• You said it. That’s why it’s not confined to London, but is evident globally😉

  2. What you describe as a “negative” experience, not really made clear through your writing – I have to agree with ReflexiveStreetPhotography may be representations or expressions of a range of experiences – of difference cultures, of poverty, of illness and people’s narratives within these spheres that you may be completely unfamiliar with and have omitted from consideration here.

    While it is of course undesirable to be the subject or victim of any kind of discriminatory racial profiling or experiences – these are rather unfortunately the product of a lack of exposure, education, misinformation about other people, and a lack of sensitivity brought on by these precipitating factors – before jumping to labelling this very action as bigotry or racism (while the same may be true).
    You are also not alone in “appreciating” your experience.
    If you consider your own history in India –set within a recent backdrop of colonialism

    This is not a debate of “first” or “third-world” countries – neither of which are terms very relevant anymore. I beg you to also inform yourself well on your statement – “The world is ever shrinking and even in so called “developing” or “third world” capitals, increasing cultures of competition and “cut-throat economics” can lead to dissatisfaction or disaffection, primarily amongst the urban youth.” Consider why and how you feel the world is shrinking – perhaps it’s easier for some (few) people with access to opportunities – but there are starkly increasing disparities in most aspects of day-to-day life, economies, corruption, healthcare, education, systemic problems, etc., to name a few.

    You absolutely right when you say – “Chances are you will face discrimination or prejudice wherever you go. This is just the world we live in. We cannot expect everyone to be perfect.”
    How are you negotiating and representating these seemingly ‘negative’ experiences? Are you allowing for discourse in your writing that works towards really discovering the underlying causes that can then work towards solutions?

    I do however strongly commend your efforts to share your thoughts — I think it’s great that people discuss issues in the public sphere — whether informed or uninformed, it’s refreshing to see people who care. I do think you have a social responsibility as a blogger to be as educated and sensitive as possible while addressing questions or issues. Whether this entails going out and actually engaging with real people on these issues, voraciusly reading to try to understand, conducting research into your ideas, the options lie in fron of you. These are just some of my thoughts that I truly hope you consider in the right spirit of discourse and as truly wanting to see a world free from this kind of discrimination.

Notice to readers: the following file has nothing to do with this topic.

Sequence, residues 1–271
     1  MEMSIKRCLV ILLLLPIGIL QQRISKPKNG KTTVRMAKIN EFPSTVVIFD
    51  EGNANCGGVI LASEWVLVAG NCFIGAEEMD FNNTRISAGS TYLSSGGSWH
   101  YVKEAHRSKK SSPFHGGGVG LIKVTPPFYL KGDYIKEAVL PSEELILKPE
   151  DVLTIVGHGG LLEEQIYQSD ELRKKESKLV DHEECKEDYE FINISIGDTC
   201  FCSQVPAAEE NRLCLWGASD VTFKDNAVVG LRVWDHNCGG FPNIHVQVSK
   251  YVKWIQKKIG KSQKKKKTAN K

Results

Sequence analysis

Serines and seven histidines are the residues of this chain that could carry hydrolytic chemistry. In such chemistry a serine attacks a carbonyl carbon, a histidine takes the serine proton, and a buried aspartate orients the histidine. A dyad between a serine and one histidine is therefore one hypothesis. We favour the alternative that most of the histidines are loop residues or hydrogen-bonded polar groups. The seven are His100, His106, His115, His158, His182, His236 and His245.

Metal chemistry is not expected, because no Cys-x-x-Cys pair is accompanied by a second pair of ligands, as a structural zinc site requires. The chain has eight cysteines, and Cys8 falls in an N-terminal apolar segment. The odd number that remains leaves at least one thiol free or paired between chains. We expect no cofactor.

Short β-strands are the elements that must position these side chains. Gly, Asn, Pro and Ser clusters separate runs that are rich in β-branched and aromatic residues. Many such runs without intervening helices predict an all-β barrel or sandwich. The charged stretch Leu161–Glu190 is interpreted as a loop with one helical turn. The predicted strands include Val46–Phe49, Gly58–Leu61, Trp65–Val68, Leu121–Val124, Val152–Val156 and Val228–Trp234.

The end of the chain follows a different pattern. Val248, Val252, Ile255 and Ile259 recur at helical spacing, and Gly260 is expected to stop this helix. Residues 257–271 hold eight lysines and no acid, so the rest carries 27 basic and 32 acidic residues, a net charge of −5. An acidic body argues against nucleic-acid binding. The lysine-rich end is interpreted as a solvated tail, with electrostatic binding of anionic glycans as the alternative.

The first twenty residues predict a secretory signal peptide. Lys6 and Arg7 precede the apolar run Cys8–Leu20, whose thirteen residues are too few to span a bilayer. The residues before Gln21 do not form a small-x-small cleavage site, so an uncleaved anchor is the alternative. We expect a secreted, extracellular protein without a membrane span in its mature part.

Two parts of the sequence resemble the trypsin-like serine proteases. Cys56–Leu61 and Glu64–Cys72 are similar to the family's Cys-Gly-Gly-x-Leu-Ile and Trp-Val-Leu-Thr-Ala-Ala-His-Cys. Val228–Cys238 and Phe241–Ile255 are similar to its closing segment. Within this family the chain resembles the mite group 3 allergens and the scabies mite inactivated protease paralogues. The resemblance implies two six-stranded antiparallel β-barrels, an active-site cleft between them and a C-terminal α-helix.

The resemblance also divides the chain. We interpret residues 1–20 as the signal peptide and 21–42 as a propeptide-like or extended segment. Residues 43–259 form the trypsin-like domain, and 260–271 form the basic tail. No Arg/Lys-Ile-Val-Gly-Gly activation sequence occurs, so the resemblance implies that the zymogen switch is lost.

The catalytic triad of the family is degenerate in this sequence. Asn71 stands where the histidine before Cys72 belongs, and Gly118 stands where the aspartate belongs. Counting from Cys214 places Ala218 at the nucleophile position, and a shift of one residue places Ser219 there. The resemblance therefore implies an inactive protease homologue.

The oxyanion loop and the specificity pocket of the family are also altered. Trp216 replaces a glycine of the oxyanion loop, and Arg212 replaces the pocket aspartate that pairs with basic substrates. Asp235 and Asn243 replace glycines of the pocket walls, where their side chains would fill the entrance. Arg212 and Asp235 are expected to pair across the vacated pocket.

• Dear Musician2012. I apologize if maybe what I was trying to convey didn’t find its way to the (web)page as clearly as it could have. I appreciate your feedback. I did not expect this one entry itself to address many of the underlying issues that crop up in a discussion such as this. In fact your response is exactly the kind I hoped to elicit through sharing my experience. I don’t wish to preach or philosophize endlessly, but rather engage in discussion through encouraging others to participate with their own opinions. A task I am glad to see you have undertaken with vigor and eloquence.

      I do hope you can appreciate though that I was also trying to reach out to people who may have had experiences such as these, asking them to consider factors, many of which you have very deftly impressed upon in your comment, before coming to conclusions about London. And of course this can go for any other city. I chose to limit myself to London as this is where my personal encounters occurred and it is where I now live and study.